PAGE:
High blood pressure is a common problem among people with depression, and the mood disorder is often assumed to be the cause. But a study suggests that certain antidepressants also may be contributing.
Researchers observed data from nearly 3,000 adults. A control group did not have depression or anxiety or take antidepressants. The other 2,028 had current or past depression or anxiety. People with anxiety had slightly higher diastolic blood pressure. But surprisingly, people with current or past depression who were not taking antidepressants had significantly lower systolic blood pressure than the control group.
In people who took tricyclic antidepressants, the risk of mild hypertension was almost doubled, and the risk of serious hypertension was tripled. People taking a serotonin and norepinephrine reuptake inhibitor (SNRI) had a smaller increase in blood pressure, and those taking a selective serotonin reuptake inhibitor (SSRI) had no increase in risk.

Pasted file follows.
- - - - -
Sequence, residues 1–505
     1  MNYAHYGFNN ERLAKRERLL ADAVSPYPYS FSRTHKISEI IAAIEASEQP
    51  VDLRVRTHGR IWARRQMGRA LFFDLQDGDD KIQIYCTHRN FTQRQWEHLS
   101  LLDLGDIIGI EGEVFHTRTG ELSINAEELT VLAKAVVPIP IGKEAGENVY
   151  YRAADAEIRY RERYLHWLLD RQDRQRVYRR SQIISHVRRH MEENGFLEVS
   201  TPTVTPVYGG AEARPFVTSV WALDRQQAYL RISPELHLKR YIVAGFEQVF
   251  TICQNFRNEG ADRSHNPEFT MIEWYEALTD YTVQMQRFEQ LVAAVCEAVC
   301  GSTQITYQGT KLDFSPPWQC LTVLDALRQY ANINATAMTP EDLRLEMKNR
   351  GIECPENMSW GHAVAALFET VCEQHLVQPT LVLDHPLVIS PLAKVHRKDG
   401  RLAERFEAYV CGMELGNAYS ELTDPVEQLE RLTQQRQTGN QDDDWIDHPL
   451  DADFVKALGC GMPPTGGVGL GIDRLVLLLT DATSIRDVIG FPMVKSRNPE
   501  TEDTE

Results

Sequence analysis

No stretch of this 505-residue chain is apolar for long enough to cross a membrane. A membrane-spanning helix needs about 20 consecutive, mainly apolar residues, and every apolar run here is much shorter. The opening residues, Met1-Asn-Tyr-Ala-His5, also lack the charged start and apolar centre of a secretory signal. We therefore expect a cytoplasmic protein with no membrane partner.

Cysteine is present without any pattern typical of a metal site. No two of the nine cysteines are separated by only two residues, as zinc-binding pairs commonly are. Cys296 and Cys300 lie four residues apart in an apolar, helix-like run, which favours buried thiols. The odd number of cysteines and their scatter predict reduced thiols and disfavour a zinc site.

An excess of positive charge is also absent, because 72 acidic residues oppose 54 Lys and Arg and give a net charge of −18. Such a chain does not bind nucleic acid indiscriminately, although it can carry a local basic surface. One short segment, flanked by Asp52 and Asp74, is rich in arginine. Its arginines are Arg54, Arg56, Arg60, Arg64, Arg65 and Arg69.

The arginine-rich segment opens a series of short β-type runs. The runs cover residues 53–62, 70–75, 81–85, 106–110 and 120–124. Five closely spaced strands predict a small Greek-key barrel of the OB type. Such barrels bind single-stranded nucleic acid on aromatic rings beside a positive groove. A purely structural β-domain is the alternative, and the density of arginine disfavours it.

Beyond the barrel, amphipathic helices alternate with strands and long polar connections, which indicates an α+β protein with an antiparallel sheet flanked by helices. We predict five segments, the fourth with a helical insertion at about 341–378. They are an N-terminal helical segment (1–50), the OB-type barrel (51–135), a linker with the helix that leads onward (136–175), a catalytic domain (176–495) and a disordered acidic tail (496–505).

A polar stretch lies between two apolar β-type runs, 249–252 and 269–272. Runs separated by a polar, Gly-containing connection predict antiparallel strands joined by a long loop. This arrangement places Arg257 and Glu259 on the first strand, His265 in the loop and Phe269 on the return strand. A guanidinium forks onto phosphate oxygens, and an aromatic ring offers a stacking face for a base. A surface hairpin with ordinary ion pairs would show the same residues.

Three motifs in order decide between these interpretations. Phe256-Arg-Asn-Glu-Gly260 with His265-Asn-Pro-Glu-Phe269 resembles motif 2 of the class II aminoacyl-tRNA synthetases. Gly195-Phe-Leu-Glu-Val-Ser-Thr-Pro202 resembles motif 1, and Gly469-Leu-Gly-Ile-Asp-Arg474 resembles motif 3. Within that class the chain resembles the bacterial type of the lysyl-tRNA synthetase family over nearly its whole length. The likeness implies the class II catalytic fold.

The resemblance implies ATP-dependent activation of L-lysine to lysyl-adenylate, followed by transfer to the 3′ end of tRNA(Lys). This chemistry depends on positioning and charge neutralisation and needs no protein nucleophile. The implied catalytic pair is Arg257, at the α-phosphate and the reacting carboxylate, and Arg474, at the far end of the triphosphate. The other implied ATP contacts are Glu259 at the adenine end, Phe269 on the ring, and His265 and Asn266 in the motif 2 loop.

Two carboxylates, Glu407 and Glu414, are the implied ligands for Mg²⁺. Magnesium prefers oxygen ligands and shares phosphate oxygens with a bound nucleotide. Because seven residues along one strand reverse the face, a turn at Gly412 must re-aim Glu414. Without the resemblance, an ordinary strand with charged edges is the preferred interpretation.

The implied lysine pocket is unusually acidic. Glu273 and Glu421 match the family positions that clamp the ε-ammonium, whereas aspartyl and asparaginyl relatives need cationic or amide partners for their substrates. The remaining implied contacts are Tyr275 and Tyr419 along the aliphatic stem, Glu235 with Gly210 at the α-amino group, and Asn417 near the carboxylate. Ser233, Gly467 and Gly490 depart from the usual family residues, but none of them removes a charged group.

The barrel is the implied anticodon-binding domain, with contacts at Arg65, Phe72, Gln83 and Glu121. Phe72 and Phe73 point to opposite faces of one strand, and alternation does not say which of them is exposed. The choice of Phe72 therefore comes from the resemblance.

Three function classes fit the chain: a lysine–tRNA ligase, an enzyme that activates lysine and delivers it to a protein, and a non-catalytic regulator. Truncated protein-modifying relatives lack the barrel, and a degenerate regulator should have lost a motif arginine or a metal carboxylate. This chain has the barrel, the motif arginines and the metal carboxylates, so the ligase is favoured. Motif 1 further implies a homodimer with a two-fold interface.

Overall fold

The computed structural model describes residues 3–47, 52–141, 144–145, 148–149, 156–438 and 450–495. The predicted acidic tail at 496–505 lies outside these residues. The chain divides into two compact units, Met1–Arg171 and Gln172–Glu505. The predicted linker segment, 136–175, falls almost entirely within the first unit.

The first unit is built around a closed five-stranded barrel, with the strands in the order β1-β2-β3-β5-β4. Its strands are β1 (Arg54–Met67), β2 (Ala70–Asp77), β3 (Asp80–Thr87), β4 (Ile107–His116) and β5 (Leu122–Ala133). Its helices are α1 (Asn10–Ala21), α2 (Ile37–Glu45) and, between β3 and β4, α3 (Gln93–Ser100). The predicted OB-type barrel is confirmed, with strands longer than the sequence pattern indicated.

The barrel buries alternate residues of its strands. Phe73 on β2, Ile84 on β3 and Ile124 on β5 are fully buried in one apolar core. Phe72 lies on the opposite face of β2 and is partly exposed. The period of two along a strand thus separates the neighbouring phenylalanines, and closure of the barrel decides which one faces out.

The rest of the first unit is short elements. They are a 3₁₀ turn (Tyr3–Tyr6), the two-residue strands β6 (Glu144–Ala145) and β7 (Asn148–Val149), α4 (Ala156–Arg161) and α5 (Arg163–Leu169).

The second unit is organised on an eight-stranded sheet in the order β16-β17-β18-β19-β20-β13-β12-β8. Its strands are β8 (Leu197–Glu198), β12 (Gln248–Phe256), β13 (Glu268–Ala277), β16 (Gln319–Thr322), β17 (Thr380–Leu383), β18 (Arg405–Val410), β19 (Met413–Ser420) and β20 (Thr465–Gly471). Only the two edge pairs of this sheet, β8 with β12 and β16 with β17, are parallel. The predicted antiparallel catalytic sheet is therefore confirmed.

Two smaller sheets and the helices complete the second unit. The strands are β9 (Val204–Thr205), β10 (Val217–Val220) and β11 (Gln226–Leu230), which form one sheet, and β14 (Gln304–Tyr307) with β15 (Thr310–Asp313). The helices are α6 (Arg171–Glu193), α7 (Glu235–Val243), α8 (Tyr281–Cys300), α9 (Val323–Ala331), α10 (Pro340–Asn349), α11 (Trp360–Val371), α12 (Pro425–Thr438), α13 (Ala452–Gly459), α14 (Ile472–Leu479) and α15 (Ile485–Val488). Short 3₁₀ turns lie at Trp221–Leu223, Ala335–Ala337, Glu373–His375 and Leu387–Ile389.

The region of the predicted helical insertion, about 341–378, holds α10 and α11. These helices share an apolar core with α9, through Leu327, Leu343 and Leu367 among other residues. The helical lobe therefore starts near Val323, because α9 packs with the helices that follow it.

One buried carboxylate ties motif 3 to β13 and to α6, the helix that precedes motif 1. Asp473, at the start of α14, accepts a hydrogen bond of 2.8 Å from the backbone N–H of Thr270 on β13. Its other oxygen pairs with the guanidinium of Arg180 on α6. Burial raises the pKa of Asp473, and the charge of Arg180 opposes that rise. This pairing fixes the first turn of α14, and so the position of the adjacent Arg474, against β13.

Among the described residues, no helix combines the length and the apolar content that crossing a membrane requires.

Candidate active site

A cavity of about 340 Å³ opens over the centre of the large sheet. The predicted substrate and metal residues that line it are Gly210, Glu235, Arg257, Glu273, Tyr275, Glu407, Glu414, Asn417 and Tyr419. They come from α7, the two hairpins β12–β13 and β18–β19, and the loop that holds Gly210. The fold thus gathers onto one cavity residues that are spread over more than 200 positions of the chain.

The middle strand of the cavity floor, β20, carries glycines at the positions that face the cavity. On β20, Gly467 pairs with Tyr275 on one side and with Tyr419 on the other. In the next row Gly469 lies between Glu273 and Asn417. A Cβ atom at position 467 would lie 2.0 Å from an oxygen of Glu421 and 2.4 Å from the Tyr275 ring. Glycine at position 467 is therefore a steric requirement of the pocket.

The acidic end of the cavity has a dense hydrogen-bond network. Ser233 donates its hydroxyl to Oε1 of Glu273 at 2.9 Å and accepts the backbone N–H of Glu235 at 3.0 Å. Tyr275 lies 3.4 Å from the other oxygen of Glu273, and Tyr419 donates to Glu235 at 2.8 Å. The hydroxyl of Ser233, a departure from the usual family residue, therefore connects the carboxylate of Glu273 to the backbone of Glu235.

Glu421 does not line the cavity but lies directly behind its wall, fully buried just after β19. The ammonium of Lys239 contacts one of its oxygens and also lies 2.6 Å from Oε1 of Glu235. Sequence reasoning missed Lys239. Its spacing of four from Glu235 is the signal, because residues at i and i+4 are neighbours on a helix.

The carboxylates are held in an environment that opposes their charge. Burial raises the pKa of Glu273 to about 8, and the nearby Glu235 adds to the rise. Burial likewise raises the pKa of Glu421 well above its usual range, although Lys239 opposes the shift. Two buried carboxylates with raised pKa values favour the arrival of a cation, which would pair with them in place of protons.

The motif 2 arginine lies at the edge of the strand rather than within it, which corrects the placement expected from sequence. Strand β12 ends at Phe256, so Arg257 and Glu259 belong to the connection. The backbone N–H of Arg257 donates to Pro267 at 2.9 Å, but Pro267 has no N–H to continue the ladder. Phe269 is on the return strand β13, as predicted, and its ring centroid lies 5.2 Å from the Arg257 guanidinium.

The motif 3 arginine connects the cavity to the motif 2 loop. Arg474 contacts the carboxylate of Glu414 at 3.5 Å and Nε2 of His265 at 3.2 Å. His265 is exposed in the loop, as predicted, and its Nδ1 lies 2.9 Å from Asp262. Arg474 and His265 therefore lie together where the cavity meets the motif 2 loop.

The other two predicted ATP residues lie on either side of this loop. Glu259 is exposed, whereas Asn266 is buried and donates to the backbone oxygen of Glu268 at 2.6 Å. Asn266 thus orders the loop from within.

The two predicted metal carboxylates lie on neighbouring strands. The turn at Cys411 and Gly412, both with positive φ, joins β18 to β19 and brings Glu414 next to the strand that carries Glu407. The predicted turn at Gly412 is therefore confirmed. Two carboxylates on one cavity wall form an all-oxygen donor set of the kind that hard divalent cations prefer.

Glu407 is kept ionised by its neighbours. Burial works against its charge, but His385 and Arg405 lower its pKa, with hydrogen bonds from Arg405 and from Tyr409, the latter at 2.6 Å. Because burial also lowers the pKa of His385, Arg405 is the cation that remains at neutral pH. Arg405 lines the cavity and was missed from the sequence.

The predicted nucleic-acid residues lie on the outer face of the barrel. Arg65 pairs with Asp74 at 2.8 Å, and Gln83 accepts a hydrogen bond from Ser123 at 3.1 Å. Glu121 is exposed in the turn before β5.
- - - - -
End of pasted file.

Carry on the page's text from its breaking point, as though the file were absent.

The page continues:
This analysis is complicated by the fact that antidepressants are used to treat both anxiety and mood disorders. Depression and low blood pressure may have a common cause or low blood pressure may actually cause depression.
Doctors should consider a patient's blood pressure risk when choosing an antidepressant.
Source: Hypertension, Volume 53, page 631, April 2009